Aliette DelPozo Rodz: Thank you. Thank you for having me Bob and Craig.
Bob Ambrogi: We are really happy to have you here today. Aliette, I wonder if I could just start by asking you as a Cuban-American yourself how do you personally feel about this warming of relations between the United States and Cuba?
Aliette DelPozo Rodz: I am nothing shy of a static as to this warming of relationships between the two countries. It is unfortunate that we’ve had this embargo as long as we’ve had in my opinion. I don’t find that it really has had any real benefit, and the fact that we have moved towards opening up the trade and commerce avenues albeit slowly but a step in the right direction, I think is a wonderful sign of progress.
J. Craig Williams: Victor, has everyone been in favor of this opening or there have been some people who have been trying to fight it and stop it?
Victor Li: Well, the lawyers I spoke to for the peace, there were Cuban-American lawyers, and they obviously had some mixed feelings about President Obama’s actions and what that has meant going forward, Steven Zack, who was the former ABA President, was prominently featured in the article and his family lost everything during the revolution. They own some factories and their house got ceased, then they were put under a house-arrest for a couple of months before they were able to leave, and some of the other lawyers I spoke to as well had similar stories like, there are couple of partners at Akerman Senterfit who are you helping to spearhead a lot of this investment opportunities for businesses like Airbnb and whatnot, and they had relatives involved in the Bay of Pigs Invasion.
So this isn’t something that they kind of took lightly, this is something that gave them some mixed emotions and some pause as to what they were doing, but on the other hand they saw it as an opportunity to help try to bring in American legal traditions and respect for the rule of law, and they feel like it’s a good way to kind of if not bring about change in Cuba, but to kind of push Cuba towards accepting at least some of these changes to liberalize the country and open it up for following generations.
So they see it as an opportunity, and obviously there’ll be some lawyers I think who will never forgive what happened, will never accept just be able to move on. The ones I spoke to for the peace who were actually involved in doing some of this work, they were able to kind of look at the big picture.
Bob Ambrogi: I thought that was an interesting part of your article. Victor, you mentioned that some of the lawyers believe that engaging with Cuba is really the best way to move Cuba forward. Alette, I wonder what’s your perspective on that?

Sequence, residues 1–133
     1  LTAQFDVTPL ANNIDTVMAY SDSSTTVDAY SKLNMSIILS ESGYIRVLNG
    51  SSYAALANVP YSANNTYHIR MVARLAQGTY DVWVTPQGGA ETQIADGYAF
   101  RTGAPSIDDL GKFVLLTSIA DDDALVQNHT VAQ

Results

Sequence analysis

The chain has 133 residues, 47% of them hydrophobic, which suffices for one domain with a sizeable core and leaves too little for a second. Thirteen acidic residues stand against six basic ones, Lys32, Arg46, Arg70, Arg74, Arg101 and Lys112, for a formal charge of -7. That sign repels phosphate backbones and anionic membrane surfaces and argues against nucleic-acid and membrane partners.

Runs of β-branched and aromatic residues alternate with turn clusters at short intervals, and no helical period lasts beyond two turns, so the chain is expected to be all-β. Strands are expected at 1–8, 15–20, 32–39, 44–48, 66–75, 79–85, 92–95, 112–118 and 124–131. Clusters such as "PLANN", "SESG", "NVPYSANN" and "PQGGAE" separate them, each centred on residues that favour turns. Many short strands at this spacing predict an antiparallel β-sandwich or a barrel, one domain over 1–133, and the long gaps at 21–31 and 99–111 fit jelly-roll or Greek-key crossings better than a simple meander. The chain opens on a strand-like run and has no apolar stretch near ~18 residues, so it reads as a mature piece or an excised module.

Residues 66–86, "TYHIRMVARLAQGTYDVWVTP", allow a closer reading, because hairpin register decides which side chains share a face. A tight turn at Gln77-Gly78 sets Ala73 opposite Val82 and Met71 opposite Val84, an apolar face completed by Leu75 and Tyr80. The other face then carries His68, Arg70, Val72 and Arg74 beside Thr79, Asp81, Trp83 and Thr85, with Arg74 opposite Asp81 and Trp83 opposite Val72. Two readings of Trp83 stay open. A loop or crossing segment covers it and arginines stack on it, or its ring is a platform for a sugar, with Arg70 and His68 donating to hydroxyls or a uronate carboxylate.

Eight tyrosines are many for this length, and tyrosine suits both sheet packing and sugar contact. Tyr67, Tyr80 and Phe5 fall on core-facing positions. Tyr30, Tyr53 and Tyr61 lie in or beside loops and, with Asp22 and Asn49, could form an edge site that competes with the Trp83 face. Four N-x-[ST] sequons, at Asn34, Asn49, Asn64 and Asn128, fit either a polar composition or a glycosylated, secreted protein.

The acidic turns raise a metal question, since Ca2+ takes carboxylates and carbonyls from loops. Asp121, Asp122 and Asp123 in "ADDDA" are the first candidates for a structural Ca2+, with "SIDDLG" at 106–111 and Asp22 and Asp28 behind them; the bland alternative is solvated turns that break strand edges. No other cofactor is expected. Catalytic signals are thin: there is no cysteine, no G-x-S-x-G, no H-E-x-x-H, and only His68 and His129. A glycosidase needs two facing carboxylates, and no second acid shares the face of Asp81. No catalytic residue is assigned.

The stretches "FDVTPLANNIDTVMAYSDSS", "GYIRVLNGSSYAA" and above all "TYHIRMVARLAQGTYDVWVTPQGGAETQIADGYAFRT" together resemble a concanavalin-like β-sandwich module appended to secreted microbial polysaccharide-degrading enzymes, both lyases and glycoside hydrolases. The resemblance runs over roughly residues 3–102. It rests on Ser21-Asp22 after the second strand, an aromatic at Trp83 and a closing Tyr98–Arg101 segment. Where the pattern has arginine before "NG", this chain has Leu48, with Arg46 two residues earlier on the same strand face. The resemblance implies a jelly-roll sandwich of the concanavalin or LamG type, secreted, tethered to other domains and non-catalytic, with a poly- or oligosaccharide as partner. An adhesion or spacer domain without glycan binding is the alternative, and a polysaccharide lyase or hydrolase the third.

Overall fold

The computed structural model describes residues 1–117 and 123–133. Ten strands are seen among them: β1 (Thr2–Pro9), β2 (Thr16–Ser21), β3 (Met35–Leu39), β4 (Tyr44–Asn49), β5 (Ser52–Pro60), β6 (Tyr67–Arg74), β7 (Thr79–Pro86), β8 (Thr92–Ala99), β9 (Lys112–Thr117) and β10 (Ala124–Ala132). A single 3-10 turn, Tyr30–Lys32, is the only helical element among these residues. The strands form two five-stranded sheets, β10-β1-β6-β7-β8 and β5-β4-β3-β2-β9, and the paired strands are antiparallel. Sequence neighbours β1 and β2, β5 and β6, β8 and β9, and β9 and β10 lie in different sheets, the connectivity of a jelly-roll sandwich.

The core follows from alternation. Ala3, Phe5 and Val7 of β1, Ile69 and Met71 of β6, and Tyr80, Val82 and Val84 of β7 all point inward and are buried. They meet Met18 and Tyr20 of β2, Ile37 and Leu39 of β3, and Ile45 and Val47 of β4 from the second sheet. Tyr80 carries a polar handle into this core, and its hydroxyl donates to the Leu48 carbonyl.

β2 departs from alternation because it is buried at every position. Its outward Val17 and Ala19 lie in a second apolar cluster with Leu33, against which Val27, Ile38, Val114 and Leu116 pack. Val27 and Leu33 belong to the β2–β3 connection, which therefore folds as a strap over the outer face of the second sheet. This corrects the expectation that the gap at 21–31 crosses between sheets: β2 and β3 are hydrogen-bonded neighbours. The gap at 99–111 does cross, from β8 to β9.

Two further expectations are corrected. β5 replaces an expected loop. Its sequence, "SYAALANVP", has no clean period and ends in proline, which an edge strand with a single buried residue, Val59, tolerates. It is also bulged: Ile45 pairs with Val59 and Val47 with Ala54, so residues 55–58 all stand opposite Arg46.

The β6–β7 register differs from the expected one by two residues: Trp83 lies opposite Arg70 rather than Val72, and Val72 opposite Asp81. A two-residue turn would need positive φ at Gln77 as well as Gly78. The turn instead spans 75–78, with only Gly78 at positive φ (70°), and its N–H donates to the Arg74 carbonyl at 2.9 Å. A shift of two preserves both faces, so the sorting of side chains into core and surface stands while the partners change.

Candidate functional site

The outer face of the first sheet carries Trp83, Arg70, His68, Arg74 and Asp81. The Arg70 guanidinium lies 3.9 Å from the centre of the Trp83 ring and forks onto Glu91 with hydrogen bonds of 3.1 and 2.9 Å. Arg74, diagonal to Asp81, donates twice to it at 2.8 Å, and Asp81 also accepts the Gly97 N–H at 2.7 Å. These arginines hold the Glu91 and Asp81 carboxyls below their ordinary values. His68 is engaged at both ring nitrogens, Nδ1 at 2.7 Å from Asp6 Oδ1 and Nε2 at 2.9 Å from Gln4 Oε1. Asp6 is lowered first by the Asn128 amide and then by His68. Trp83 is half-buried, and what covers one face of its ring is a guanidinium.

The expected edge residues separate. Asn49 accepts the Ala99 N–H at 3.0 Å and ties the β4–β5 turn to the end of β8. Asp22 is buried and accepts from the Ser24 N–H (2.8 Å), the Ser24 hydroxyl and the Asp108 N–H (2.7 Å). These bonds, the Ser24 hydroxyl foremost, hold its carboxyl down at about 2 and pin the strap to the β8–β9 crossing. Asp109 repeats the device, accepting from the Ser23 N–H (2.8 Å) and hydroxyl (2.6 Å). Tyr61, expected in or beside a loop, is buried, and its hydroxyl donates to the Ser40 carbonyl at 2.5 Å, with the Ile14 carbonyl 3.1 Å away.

Aliette DelPozo Rodz: Can I tell you? It’s interesting. There are two things that you hear from Victor, which, Victor, you’re absolutely correct. It’s emotion and then practicality and pragmatism, right? From an emotional perspective, of course, everything that happened with regard to the Bay of Pigs and what has happened to thousands of people as a result of the Communist regime, has been devastating on many, many families, and many families have been separated, many have lost, and so, that emotional aspect, I don’t think 50 years can change, and so from that perspective you are always going to obtain and have a group of people that simply don’t even want to hear about Cuba because they’re so emotionally tied to the past.
Now, the reality is, what was the purpose of the embargo and what effect has it had over the last 50 years? And if you look at that purpose and effect, you realize that from pragmatic perspective you understand that it simply didn’t work and allowing business and the doors to open and for there to be flow of information of communication of opportunity is somewhat allowing the Cuban people to broaden their horizons.
I’ve been in the island nation and seen the excitement that the Cuban nationals have over the changes that have taken place between the United States and Cuba, and when you walk the streets and you talk to the people you will realize how educated a lot of the community is. It’s not what you see on television, it’s not this community that is uneducated and just simply not skilled, they want to learn, they want to grow, they want to prosper.
Take Miami for example; the Miami Cuban community, which is quite significant, built Miami to what it is today, a magnificent metropolitan city. They were really at the foundation, so you look at what is that Cuban inertia of ambition and business and growth, and you can see the great potential that there is by opening up the boards. We are so close, we are such a hub that if you separate the emotion and you understand and respect that emphasize of course with that aspect it’s really parallel and wholly separate from the reality that the embargo did not change, communism did not bring it down, and perhaps doing business and opening these doors and not allowing there to be an excuse for actions taken in the island nation can perhaps do a different change in a positive manner, to do a pragmatic and business approach. I think it’s great quite frankly.